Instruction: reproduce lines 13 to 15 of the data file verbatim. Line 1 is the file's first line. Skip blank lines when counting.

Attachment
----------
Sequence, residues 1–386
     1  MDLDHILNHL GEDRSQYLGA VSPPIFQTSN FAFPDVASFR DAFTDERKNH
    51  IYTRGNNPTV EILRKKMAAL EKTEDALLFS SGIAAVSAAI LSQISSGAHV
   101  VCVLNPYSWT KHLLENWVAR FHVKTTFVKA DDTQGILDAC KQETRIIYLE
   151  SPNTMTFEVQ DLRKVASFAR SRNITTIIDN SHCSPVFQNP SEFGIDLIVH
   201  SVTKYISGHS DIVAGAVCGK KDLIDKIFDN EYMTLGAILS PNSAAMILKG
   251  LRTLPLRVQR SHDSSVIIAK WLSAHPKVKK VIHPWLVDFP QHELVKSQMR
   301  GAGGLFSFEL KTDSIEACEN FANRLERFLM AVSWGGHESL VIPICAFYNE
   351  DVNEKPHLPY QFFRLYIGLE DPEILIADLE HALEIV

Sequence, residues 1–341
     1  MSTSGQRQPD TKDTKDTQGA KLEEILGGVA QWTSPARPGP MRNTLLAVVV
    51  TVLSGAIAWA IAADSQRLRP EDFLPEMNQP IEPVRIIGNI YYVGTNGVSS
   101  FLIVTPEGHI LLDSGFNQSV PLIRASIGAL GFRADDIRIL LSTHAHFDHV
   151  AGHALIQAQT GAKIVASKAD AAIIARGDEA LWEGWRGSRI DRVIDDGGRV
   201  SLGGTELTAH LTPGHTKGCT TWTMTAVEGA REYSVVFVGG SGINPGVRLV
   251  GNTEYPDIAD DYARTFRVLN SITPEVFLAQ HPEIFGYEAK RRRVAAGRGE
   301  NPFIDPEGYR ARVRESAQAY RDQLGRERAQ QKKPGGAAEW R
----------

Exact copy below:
   101  FLIVTPEGHI LLDSGFNQSV PLIRASIGAL GFRADDIRIL LSTHAHFDHV
   151  AGHALIQAQT GAKIVASKAD AAIIARGDEA LWEGWRGSRI DRVIDDGGRV
   201  SLGGTELTAH LTPGHTKGCT TWTMTAVEGA REYSVVFVGG SGINPGVRLV